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Sociolinguistics Symposium 19: Language and the City

Sociolinguistics Symposium 19

Freie Universität Berlin | August 21-24, 2012

Programme: accepted abstracts

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Abstract ID: 793

Part of General Paper Session (Other abstracts in this session)

THE IMPACT OF TECHNOLOGICAL CHANGES UPON ONLINE LANGUAGE USE: THE EXPERIENCE OF WELSH-ENGLISH BILITERATES ON TWITTER

Authors: Johnson, Ian James; Johnson, Janet
Submitted by: Johnson, Ian James (None, United Kingdom)

The explosive growth in social media towards the end of the past decade has led to numerous studies in computer mediated communication (cmc). However, few studies have so far tracked cmc users over a period of time to provide us with rich data of changes in how social media are being used, including changes to the social media themselves.

This longitudinal study builds upon an initial pilot with a convenience cohort of 25 bi-literate Welsh and English users of Twitter, using samples taken over three years to examine changes in use of language and technology.

The pilot study identified that the cohort acted as a bilingual community which used both languages when sending messages on Twitter. They predominantly wrote in Welsh to a fellow bilingual when sending a ‘mention’ message with limited distribution, but wrote exclusively in English to fellow users who displayed no evidence of Welsh language ability. The cohort wrote more often in English than Welsh when sending a universal tweet which could be read by all of their followers. There were, of course, significant individual variations within these patterns.

Initial hypotheses predicted that, because of the ‘real world’ high ratio of monoglot English literates to bilingual Welsh-English literates, continued growth in the number of users of Twitter would lead to the cohort accommodating this ‘real world’ language use. A longitudinal study was entered into in order to verify these assumptions and track the cohort’s language choice over time.

Examining a corpus of tweets from the same point in each of three calendar years, no evidence was found for a significant online language shift amongst the total number of tweets by the cohort. The proportion of tweets in Welsh and English remained approximately static.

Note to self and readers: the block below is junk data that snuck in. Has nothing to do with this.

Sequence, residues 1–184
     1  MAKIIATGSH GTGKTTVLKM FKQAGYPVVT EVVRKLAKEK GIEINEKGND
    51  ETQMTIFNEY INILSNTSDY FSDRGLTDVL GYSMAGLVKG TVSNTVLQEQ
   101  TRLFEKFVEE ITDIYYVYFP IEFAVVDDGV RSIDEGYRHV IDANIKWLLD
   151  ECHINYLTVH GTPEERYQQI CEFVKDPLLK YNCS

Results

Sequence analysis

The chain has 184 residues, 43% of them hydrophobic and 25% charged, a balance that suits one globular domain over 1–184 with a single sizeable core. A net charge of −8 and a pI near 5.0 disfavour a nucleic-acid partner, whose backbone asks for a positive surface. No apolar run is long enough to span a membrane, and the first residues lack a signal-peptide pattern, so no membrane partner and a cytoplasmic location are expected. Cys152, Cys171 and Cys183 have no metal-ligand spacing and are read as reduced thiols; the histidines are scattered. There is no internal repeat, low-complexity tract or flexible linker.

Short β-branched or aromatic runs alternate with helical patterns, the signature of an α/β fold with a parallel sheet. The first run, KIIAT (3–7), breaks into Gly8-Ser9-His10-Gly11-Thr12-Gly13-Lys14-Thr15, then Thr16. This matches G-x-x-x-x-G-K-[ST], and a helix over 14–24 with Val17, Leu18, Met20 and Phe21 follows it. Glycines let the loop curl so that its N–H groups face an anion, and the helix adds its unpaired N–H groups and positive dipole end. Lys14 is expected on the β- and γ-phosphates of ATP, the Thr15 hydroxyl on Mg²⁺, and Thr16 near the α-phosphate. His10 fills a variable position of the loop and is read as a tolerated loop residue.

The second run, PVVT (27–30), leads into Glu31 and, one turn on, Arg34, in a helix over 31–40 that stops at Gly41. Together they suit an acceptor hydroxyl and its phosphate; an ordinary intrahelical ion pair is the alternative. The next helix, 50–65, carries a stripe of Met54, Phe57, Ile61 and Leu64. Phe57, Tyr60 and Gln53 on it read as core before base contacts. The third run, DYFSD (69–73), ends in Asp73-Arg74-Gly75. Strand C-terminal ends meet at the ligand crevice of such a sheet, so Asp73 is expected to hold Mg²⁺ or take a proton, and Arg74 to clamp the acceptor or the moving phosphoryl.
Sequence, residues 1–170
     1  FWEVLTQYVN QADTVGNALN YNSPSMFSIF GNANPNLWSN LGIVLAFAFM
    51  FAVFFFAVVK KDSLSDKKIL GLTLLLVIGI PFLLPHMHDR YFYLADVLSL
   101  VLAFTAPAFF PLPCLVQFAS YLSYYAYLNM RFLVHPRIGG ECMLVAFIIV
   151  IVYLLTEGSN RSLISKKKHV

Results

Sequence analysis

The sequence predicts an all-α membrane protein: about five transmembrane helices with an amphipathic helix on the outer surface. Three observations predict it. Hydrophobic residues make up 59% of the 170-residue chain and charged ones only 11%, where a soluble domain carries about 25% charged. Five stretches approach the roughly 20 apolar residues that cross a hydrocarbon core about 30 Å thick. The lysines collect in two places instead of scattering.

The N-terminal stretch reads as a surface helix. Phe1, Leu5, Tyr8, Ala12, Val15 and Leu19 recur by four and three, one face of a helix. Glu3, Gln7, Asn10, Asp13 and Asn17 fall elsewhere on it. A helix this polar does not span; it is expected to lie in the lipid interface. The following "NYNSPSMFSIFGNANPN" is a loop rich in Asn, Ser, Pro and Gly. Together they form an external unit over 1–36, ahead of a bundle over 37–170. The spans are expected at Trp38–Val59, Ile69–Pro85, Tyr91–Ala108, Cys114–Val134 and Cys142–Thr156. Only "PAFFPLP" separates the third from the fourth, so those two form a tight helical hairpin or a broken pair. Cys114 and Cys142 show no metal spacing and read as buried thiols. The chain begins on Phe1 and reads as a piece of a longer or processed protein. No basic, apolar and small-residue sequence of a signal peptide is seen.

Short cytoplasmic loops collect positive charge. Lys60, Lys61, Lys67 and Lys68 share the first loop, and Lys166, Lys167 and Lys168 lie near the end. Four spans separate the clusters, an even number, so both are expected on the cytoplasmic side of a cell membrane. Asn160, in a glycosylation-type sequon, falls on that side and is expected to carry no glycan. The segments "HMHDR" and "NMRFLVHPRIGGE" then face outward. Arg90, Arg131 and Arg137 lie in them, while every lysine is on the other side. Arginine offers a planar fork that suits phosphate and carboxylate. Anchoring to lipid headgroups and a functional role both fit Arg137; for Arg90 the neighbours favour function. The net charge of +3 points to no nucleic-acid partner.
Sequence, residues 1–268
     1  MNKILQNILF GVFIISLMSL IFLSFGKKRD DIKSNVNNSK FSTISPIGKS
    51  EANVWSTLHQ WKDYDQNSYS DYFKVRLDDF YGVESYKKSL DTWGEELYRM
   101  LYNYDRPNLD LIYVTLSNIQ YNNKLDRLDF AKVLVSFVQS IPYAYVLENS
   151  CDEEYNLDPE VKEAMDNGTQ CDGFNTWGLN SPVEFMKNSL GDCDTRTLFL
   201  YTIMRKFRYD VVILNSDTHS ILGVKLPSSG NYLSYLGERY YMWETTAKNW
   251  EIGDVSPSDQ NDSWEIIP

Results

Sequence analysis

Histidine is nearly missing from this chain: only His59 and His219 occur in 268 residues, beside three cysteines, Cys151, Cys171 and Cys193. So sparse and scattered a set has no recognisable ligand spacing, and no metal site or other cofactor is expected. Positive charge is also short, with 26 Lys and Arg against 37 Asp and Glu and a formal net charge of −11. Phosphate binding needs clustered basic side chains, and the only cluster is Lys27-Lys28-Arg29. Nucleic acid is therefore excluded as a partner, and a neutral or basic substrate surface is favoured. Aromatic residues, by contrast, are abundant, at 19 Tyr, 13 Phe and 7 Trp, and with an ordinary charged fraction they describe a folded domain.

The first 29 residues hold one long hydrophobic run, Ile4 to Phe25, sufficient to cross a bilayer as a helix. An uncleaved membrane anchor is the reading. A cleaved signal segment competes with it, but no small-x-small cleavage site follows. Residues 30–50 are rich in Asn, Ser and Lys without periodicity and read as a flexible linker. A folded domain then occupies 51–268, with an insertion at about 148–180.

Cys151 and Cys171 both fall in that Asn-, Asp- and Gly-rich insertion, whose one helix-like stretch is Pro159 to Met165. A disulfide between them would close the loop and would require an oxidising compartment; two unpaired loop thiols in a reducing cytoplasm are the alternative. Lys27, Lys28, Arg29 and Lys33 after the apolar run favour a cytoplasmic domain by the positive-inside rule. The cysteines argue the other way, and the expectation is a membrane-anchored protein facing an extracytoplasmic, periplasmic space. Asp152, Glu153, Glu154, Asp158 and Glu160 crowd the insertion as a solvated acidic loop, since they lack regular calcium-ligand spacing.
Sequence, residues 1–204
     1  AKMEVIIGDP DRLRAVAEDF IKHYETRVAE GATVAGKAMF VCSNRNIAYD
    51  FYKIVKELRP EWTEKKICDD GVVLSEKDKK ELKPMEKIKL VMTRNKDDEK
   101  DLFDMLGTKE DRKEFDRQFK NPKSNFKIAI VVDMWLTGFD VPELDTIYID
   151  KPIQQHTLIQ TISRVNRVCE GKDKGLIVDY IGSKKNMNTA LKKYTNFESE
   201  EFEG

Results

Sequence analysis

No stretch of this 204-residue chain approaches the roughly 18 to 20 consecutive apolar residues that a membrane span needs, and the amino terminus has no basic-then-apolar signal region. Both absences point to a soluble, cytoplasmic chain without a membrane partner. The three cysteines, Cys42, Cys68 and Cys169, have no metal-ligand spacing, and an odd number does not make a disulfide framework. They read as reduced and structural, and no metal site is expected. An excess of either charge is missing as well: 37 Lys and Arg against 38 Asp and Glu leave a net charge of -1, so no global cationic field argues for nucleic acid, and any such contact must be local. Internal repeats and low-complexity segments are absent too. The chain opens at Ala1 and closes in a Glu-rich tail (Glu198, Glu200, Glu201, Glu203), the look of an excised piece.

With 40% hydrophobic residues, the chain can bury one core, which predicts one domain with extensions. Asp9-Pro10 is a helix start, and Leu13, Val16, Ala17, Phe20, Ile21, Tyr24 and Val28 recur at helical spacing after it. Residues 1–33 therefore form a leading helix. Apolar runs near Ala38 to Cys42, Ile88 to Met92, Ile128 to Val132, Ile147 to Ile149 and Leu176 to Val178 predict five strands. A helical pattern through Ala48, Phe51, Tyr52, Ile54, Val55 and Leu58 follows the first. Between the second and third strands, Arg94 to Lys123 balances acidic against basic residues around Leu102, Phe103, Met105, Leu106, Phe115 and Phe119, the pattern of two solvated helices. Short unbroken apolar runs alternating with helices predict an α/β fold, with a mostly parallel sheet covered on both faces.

The introduction of a ‘re-tweet’ button on Twitter has made it easier for users to support existing content’s onward transmission. This has seen the use of re-tweeting pre-existing content rise from below 5% of tweets in 2009 to more than a quarter in 2011. With significantly greater levels of content available in English compared to Welsh, unsurprisingly around 80% of all re-tweets are in English, thus depressing the comparative amount of content transmitted in Welsh.

Alternatively, through excluding re-tweets from the analysis, the cohort is now self-producing a greater amount of content in Welsh than at the beginning of the study.

There has also been a significant drop in the number of universal tweets compared with the steady use of mentions, with evidence that users are shifting from an ‘open diary’ approach on Twitter, describing everyday events, to something closer to an open group conversation.

Adaptation to and adoption of technological change is a two-way process between the developer and the user which clearly impacts upon language use in computer mediated communication. This study illustrates the strategies adopted by a Welsh-English bi-literate Twitter community to reflect these changes.

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